Opposing viewpoints: I run [Netflix] marathons–Stop trying to make me personally fit

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Morgan White, Reporter, Photographer

According to common moans and groans, perhaps the bane of every student’s existence remains mandating physical education/health to graduate. Requiring the mandatory torture of already stressed high school teens and then grading said torture proves more of a waste of time than a potential boon of healthy kids. Personally, the concept of “graded exercise” always confused me. Exactly how can a teacher determine my level of fitness with a grade anyway?

During middle school, teachers suggested enrolling in a physical education course in high school to fulfill the graduation requirement. Upon signing up for aerobic fitness, I assumed early completion gave me an advantage. Fast forward, and I discovered after partially completing the course, that aerobics did not fulfill the personal fitness requirement. Cue a livid fourteen-year-old girl who wasted the first semester of her high school semester doing Tae Bo and jazzercise.

The education I received during Personal Fitness escapes me. I ran laps and did worksheets about drugs— regurgitated “education” I learned during middle and elementary school. I wasted 90 school days, or 2,160 hours, in Personal Fitness. In that time, I could have:

  1. Watched Bring It On 22 times
  2. Download the latest Apple update
  3. Watch Family Feud on repeat and learned more factoids than I would in class
  4. Sleep
  5. Gone shopping and actually enjoyed part of my day
  6. Watched Bring It On: Fight to the Finish 21 times
  7. Helped my Magnet friends with their ASR projects

While required physical education may work during elementary school (providing children with health knowledge and an outlet for energy), those benefits hardly translate over when involving high school students. I already know about the food pyramid and that I should consume three to four servings of vegetables per day. Requiring yet another round of pacer tests and worksheets about vitamins equates to re-teaching the alphabet every year: it’s redundant.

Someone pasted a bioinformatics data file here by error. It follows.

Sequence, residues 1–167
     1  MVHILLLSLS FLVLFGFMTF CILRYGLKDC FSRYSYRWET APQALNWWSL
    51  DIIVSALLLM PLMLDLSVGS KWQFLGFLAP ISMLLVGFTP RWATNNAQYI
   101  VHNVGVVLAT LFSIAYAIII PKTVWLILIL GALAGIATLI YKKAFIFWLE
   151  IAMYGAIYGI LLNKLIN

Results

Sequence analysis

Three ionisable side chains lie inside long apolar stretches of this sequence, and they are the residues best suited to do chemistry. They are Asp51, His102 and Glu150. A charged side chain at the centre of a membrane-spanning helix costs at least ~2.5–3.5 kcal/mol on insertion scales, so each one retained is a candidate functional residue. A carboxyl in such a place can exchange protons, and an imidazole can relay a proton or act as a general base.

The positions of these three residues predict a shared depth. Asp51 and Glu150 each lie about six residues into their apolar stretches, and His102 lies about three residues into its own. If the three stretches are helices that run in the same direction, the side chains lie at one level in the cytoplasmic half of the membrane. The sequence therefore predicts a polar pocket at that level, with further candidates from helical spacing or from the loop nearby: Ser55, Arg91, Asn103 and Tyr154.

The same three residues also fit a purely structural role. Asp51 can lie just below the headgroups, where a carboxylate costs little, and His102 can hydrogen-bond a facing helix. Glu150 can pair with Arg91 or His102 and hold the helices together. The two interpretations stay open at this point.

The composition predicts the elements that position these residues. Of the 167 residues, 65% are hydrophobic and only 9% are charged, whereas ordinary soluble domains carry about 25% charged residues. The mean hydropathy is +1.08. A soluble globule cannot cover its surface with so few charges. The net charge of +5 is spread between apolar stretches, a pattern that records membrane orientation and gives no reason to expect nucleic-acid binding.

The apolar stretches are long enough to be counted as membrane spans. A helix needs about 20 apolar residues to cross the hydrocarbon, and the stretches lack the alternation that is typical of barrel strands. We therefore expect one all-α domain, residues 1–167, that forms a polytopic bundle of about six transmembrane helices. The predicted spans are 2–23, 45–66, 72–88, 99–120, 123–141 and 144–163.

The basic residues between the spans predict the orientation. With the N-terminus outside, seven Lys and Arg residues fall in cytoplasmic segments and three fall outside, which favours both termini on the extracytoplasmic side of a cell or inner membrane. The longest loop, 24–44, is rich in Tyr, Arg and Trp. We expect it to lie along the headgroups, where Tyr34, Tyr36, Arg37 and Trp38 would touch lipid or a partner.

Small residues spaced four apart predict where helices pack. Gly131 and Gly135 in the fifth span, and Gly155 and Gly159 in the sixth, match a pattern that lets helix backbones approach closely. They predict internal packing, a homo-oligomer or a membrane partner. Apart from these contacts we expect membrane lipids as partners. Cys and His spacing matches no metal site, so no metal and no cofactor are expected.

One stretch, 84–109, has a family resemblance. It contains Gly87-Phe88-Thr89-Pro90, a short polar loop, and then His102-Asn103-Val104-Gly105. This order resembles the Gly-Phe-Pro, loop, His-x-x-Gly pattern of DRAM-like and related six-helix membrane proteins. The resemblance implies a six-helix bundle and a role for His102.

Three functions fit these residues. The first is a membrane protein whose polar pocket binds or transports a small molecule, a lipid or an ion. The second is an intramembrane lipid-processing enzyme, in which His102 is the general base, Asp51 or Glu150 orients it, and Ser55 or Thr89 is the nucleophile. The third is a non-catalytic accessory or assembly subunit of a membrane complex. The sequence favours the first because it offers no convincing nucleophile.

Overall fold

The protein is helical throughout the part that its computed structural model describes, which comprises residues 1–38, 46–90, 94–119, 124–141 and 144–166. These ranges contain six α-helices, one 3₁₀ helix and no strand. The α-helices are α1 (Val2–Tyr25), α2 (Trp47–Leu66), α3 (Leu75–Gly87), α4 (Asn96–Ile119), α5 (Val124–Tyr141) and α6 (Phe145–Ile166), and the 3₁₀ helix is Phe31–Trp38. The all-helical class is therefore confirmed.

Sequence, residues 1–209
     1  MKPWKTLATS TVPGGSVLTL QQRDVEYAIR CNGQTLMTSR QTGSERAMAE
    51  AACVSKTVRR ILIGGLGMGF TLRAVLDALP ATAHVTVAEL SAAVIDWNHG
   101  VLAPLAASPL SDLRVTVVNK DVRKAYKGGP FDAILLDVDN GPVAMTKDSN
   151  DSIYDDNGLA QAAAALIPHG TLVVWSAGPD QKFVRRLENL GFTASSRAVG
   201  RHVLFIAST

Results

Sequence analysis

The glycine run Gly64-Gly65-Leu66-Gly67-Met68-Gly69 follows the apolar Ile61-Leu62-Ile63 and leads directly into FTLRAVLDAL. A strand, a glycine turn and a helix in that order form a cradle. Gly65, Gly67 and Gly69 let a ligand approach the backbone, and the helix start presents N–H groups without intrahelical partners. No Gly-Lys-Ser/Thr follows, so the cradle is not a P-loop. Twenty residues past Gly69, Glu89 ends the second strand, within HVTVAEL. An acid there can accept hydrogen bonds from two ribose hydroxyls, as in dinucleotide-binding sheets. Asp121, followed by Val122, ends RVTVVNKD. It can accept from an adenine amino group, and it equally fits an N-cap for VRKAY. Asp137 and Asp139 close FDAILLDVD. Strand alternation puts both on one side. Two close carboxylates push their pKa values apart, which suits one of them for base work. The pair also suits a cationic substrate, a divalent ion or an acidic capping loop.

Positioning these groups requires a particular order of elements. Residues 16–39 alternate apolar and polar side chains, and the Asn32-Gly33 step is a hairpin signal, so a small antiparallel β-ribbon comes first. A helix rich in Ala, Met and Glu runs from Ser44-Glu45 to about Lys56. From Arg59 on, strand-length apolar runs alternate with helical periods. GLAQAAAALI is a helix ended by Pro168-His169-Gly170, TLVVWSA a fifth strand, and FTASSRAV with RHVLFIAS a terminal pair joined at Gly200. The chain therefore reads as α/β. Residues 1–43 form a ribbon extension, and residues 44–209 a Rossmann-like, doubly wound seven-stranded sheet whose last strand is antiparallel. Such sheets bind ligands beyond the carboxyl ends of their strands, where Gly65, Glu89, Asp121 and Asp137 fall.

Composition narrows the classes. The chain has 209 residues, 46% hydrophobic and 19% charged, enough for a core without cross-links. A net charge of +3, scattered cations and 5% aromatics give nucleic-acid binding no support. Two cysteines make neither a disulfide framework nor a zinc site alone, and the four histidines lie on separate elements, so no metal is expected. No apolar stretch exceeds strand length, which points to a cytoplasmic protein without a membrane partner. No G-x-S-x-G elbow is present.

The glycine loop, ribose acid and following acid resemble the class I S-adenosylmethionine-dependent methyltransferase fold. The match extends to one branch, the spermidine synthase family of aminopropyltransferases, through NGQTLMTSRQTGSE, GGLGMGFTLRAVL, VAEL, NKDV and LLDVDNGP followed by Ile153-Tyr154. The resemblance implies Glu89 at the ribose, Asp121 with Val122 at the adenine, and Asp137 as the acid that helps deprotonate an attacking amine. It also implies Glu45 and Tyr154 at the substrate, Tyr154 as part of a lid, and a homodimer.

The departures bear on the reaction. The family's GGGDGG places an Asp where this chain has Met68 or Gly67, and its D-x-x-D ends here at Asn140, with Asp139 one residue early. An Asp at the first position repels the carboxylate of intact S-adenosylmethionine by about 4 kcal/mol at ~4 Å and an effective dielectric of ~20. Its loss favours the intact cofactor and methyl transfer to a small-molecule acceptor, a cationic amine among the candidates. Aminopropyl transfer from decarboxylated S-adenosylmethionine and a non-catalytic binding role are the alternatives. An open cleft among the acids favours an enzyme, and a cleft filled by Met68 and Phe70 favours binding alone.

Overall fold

Especially during high school, requiring another class adds unnecessary stress.  Today’s educational climate places a significant amount of weight on standardized test performance, and even freshmen worry about SAT scores and college credit. While studies prove physical activity reduces stress, students worry about their grades rather than running and reducing their anxiety simply because Personal Fitness requires graded performance.

Should Personal Fitness/Health be a graduation requirement?

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And what a graded performance it becomes. My class ran the pacer test every week when I took personal fitness. Every time I ran back and forth in that gym, all the while developing a conditioned fear of beeps, I prayed that someone performed worse than me so that I could leave without embarrassing myself in front of my classmates who excel at the apparently important task of running back and forth in a gymnasium.

Personal Fitness as a graduation requirement takes away a valuable class slot for AP opportunities. The poor little bodies of North Cobb’s Magnet Program already struggle with simple things like conversing with other students about anything but their ASR projects, so how can we expect these gentle souls to assimilate into normal on-level classes like PE? Perhaps this was the reason the faculty saved their overachieving minds from possible speaking to on-level students and created an all Magnet freshman Personal Fitness class (while most North Cobb students are required to wait until at least junior or senior year—go figure).

Even already active students must fulfill the graduation requirement, although they participate in physical activity on a daily basis. These students consistently prove their knowledge of health and fitness through organized sports. Moreover, they already know how fitness habits translate into their personal lives. PE stops being a means to learn physical health, instead becoming a pow-wow between the athletic students and their coaches. Personal Fitness becomes redundant, especially when they just walked from the weight room.

For less athletic students like myself, competing with the aspiring Dwayne Johnson’s of North Cobb for simple volleyball hitting opportunities dampers my miniscule desire to perform well in physical fitness. Though the studies show that regular physical activity promotes a healthy lifestyle overall, I will never get the chance to experience that during designated school fitness time because Michael Jordan decided to disguise himself as an average-looking high school boy in neon basketball shorts.